The Bacardí Cocktail became one of the most popular drinks of the period immediately following the repeal of Prohibition. It is a variation of the Daiquiri that involves rum, lime and grenadine. It is rare on menus today but was a stalwart of the 1930s bar repertoire.
This recipe originally appeared as part of “The Amazing Story of the Bacardí Cocktail and How It Came to Be.”
Sherry, vermouth and a dash of royal glamour.
Jonathan Howard, the brains behind the cocktail program at Manhattan’s American Whiskey, uses Veev and Aperol in this homegrown concoction.
White whiskey and rum join forces in this simple sour cocktail.
Bet you never thought you’d see maple syrup and pineapple juice become best friends?
Absinthe gives this rye whiskey cocktail something to brag about.
You’ll want this complex cocktail representing your interests.
This simple classic cocktail is the best way to improve a flute of bubbly.
Try this twist on the classic Coffee Cocktail, which calls for a pair of Irish spirits.
The fizzy elderflower-and-wine cocktail has become a modern classic. You simply need a measure St-Germain elderflower liqueur, some Champagne to cut the sweetness and soda to make it ultra-refreshing.
There’s nothing odorless or tasteless about this cocktail.
The classic Coffee Cocktail is actually caffeine-free.
Swap the vermouth in a Martini for sherry and you’ll get this simple but delicious drink.
This gin drink will help guide your night.
This Averna cocktail demands to be made immediately.
It doesn’t get much more classic than this NOLA standard.
This drink was the new, new thing—at the turn of the 20th century.
Toast baseball’s legends with this minty concoction.
This cousin of the Daiquiri dates back to well before Prohibition.
You don’t have to be in Kentucky to enjoy this three-ingredient bourbon cocktail.
Like Martinis? Try this complex drink.
Much better than the grindstone.
Made infamous by The Dude's in The Big Lebowski, the White Russian is a classic vodka cocktail. Sweet, creamy and boozy, this three ingredient cocktail is dessert in a glass – an old fashioned glass, no less – with the ability to get you tipsy in no time. What more can you ask for?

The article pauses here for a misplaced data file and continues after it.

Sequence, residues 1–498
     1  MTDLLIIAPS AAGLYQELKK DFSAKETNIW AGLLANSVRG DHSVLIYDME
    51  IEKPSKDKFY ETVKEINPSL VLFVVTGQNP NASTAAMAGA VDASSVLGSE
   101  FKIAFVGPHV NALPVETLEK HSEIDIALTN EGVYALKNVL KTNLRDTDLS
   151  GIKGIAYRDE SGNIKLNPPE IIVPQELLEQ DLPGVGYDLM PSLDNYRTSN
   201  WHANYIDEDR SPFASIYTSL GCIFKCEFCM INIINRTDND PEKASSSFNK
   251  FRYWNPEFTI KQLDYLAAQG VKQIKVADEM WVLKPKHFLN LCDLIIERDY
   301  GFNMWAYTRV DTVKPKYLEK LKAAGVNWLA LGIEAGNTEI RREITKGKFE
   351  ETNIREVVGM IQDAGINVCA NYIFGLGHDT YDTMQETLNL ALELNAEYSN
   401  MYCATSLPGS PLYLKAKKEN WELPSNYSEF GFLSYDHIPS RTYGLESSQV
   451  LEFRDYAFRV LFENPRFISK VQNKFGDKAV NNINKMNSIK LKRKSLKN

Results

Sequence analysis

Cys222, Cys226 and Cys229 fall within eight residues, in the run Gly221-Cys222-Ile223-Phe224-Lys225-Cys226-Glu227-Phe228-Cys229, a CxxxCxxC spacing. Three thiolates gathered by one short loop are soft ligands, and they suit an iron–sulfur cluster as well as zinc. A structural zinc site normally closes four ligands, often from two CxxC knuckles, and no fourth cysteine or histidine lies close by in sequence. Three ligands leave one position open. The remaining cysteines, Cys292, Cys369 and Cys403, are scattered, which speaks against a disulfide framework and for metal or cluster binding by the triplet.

No need to be delicate with this recipe. Grab your muddler, NOLET’S Silver Gin, fresh mint and cucumber. Then smash your way to a mouthwatering cocktail. This is how you make a Cucumber Smash.
Warning: this drink is not the for the faint of heart. Sex on the Beach boasts one of the most provocative names for a cocktail. Fruit-filled and perfect for enjoying a night in the tropics, its no wonder why this cocktail has stayed around for so long.
According to Gary Regan’s research, the original Cosmopolitan was created by a South Beach bartender named Cheryl Cook. Eager to invent a new cocktail for the Martini glass, Cheryl riffed on the classic Kamikaze using a newly introduced citrus-flavored vodka plus a splash of cranberry juice. The rest is rose-hued history.
Learn how to make this easy syrup for all your cocktailing needs.
While the origin of this popular brunch cocktail is debatable, the Bloody Mary's staying power leaves no question. The Bloody Mary is a vodka-soaked nutritional breakfast and hangover cure all in one. What else can you want?
Fennel and citrus pair beautifully in salads. So why not try them in a cocktail?
Created in the 1970s, the Tequila Sunrise adds tequila to the citrusy and sweet ingredients popular in many cocktails during the party decade. Make this classic cocktail for a small sunrise whenever you want it.
What's the perfect way to capture summer all year long? A well-mixed Mojito, of course. A decedent of the Cuban cocktail El Draque, this five ingredient highball is a favorite of many, including Ernest Hemingway.
While the Margarita is one of the most popular cocktails in North America, its origins are shrouded in mystery. There are almost as many stories about who invented the margarita as there are margarita recipes. Some like them blended, others with a sweetener, but many argue the best margarita recipe is this classic one. Memorize it and you’ll never fail to impress.
The Champagne cocktail with a Scottish brogue.
Swap whisky for gin in this gorgeous cocktail.
This cocktail is pure boozy magic. Watch the fluff of sugar disappear before your very eyes!
Moscow’s Delicatessen turns out old classics with new twists and brings surprising new ingredients into the mix, like this vodka cocktail made with beetroot shrub.
The snap of ginger, the smoke of scotch, the King of Beers. These are odd but happy bedfellows in this cocktail.
This rum cocktail by Emil Areng of Open/Closed was created for the Bacardi Legacy competition.
Use a blended scotch that’s not too mild in this cocktail.
In this cocktail, Canadian whisky tames the bitter, herbal bite of Fernet-Branca.
The Professor is ideal for those completely green to mixing cocktails who want something light for summer.
This completely vegan cocktail takes Tiki to a dramatic level.
This modern Tiki cocktail takes the Zombie, a fairly complex drink, cuts down the number of ingredients and puts it in a coupe.
This Tiki drink is what an exotic cocktail is all about, with citrus, sweeteners, spice and, of course, rums.
This beer cocktail adds a hoppy IPA to 100-proof bourbon, some citrus and the kicker: muddled fresh marjoram.
This whisky cocktail is pretty simple—sort of like an alcoholic version of Ocean Spray Cran-Apple.
This citrus-infused cocktail takes the idea of a Manhattan and builds upon the classic.
Bourbon and orange don't usually go together, but this cocktail adds a splash of orange liqueur to bourbon and tops it off with ginger ale to counter the sweetness.
Despite the name, this creamy cocktail isn’t particularly high in alcohol compared to other drinks. But it’s delicious all the same.